A new Internet buzzword in China for 2012, is diao si 吊丝. Originally it was used to describe underprivileged people who lacked many of the societal gifts that one must possess (good appearance, family background, a promising career or high social status).
Today, many young people have started using diao si to describe themselves, even though they are actually not as underprivileged as the original term is meant to suggest. However in claiming a diao si identity, we can see it being used as a way to deal with inequalities.
A Reflection of Anxiety and Resentment
Anxiety rests in the minds of many of today’s youth. A realization is continually setting in that social hierarchy is increasingly formed by family power, and will not change easily. Fu er dai or second generation wealthy youth enjoy easy and prosperous lives whereas ordinary folks struggle for limited resources. Calling oneself diao si is a way to express collective resentment and disappointment.
A Way to Step Back and Release
Diao si is also a reflection of youth taking themselves (and their situation) less seriously. They laugh at themselves as a way to distort their gloomy reality. They openly admit they are trivial, insignificant and live meaningless lives. Though active and competitive in everyday life, this self-deprecating mind-set helps to release disappointment and cheers them up.
More interestingly, young people that are quite well off and even celebrities are starting to claim a diao si identity.
There are obvious reasons why young Chinese prefer to be associated with a diao si identity instead of being a “privileged elite”. In claiming to be diao si, these people are affirming the hard work it takes to achieve personal progress. It’s a celebration of the downs, not only the ups.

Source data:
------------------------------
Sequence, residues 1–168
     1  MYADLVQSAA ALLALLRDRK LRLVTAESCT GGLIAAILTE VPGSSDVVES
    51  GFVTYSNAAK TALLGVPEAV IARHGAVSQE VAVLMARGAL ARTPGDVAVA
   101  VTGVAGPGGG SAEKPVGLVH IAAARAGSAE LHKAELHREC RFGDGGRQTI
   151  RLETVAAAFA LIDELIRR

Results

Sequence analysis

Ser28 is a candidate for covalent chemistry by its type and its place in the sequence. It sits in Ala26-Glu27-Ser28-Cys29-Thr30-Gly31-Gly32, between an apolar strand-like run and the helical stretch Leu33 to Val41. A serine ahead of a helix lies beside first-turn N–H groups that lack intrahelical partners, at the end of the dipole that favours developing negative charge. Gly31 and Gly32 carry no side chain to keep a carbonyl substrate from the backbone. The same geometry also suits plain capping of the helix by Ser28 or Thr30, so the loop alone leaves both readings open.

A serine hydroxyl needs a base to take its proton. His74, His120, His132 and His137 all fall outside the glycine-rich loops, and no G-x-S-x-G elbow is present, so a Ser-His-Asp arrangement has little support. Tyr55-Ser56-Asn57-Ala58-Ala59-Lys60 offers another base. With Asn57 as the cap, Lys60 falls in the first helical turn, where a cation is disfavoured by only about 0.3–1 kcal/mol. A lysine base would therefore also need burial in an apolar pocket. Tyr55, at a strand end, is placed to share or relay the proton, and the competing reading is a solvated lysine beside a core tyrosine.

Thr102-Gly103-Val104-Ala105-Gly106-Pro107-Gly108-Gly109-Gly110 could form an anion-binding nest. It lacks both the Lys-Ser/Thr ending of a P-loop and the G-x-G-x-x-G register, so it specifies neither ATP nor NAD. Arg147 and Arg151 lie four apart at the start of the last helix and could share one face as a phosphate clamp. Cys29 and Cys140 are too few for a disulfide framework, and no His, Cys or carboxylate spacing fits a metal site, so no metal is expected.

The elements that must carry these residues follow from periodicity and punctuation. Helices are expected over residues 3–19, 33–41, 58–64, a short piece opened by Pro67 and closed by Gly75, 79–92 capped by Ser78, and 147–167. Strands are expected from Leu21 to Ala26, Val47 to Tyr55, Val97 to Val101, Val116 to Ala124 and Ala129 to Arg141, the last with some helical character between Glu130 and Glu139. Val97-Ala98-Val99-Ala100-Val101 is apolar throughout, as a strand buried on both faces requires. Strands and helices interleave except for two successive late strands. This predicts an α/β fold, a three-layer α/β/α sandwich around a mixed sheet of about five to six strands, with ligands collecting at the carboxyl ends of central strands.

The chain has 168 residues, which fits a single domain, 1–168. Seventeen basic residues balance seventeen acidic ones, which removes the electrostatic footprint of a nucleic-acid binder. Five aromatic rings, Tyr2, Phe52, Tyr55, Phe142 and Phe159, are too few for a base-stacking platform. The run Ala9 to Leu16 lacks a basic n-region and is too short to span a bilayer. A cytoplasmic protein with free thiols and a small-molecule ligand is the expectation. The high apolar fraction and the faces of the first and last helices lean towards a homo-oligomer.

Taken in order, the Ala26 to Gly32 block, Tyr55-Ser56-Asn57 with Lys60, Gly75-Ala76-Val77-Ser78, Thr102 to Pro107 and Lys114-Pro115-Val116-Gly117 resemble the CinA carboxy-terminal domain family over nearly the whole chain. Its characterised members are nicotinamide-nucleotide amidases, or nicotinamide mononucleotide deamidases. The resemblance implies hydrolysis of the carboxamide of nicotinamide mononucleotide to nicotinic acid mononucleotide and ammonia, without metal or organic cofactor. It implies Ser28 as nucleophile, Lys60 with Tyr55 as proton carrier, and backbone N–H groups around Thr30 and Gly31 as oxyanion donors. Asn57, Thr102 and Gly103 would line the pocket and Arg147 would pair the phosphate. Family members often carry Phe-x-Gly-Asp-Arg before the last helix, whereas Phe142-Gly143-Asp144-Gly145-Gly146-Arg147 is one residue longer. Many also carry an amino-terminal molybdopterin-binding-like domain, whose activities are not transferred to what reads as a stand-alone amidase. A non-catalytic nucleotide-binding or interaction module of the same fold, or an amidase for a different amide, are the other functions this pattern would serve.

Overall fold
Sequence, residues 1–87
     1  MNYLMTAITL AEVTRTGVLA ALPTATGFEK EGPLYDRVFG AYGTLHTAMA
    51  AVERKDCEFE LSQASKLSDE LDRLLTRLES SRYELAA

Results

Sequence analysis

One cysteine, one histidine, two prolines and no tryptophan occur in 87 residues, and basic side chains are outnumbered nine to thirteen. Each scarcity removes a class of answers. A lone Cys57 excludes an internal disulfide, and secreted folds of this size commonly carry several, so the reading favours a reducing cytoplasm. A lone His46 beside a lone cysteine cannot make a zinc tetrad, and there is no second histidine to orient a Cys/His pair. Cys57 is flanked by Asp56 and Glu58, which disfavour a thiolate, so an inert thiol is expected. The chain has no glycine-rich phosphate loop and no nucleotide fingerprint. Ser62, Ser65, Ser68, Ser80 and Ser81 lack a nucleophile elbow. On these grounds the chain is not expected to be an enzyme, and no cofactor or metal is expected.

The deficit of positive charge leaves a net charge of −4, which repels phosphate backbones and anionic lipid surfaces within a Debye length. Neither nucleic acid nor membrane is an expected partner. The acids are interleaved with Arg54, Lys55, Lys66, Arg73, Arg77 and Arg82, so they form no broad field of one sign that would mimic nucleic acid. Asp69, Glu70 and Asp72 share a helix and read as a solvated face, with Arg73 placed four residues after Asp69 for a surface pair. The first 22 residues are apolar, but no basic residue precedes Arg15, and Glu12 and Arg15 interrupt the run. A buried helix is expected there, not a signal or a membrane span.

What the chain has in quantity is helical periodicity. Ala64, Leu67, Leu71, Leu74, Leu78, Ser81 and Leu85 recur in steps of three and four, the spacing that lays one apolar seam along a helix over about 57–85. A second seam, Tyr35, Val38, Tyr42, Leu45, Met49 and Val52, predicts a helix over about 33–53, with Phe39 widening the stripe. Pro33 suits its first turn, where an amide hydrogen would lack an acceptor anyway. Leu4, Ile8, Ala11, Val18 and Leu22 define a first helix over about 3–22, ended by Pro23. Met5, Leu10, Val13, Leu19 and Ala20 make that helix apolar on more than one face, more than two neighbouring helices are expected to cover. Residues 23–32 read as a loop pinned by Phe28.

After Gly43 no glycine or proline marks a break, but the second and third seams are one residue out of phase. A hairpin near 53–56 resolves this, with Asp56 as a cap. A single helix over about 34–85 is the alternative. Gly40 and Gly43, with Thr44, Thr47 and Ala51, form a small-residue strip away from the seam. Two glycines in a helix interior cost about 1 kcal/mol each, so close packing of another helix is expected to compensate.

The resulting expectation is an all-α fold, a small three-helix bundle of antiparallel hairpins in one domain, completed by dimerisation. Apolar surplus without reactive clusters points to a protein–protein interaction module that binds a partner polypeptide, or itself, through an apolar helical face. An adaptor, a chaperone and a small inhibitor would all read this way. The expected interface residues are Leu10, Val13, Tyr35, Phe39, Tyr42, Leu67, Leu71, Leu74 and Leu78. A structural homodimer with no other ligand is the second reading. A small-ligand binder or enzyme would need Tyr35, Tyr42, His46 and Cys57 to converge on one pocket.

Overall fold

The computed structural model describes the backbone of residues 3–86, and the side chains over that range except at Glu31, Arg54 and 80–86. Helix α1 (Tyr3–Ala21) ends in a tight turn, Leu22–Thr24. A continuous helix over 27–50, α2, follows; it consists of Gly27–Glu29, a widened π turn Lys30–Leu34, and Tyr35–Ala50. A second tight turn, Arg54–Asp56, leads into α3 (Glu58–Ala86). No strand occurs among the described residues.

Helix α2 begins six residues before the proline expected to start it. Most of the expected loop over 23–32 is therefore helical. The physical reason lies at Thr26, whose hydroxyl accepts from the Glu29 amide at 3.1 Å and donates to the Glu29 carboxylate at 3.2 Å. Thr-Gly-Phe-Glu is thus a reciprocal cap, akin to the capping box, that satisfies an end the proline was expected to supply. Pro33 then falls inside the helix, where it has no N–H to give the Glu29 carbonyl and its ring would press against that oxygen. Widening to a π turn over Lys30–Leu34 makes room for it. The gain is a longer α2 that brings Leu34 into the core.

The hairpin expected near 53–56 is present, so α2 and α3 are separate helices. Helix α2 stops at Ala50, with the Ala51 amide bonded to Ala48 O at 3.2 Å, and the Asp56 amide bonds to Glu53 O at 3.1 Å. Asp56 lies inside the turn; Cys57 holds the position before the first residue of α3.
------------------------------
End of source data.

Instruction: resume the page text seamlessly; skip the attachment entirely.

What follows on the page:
In this, we see practical implications that may be helpful for brands targeting Chinese youth.
Highlight Experience / Journey Stories
Youth value the experience and the journey because it affirms hard work and provides hope that anyone can achieve success. Pride is taken in hardship and struggle. People want to be seen as resilient, having really lived and having rich emotion. This will eventually lead to wisdom and life appreciation rather than leading a life of superficial consumption – particularly by those born with a silver spoon.
In this, we’re also seeing a departure of young people (Post-80s and Post-90s) being depicted as only interested in instant gratification and hedonism (even if these stereotypes are rigidly formed in their youth).
Brands like Pepsi are starting to recognize the fallacy of these stereotypes and that success is sweeter with delayed gratification because it implies overcoming unfavorable circumstances. A recent ad campaign of Pepsi shows a group of young people going through a long process to finally set up a successful on-line shop.
Help Youth Savor Small Triumphs
Diao si youth do not just live for big triumphs, i.e. career achievement and wedding. Instead, they celebrate every moment that they have really lived, For example, one diao si youth posted his joyful budget bicycle journey on the Internet. Along the way he amused himself and the audience by making great jokes about the ordinary things he met on the road. His posts became really popular, encouraging, inspiring and amusing people along the way.
There are also movies and ads celebrating “ordinary dreams of ordinary people” in life. For example, the movie Old Boys shows how a hairdresser and a taxi driver fulfill their dream of performing a Michael Jackson dance on the contest show, My Idol. Chinese dairy brand, Yili is also launching a new Olympics campaign featuring ordinary people doing extraordinary things.
We find that diao si people are actually more “human” and optimistic. To them, joy and meaning of life is not only about the extraordinary triumphs, but also about life’s ordinary moments.
Written by Vivienne Wang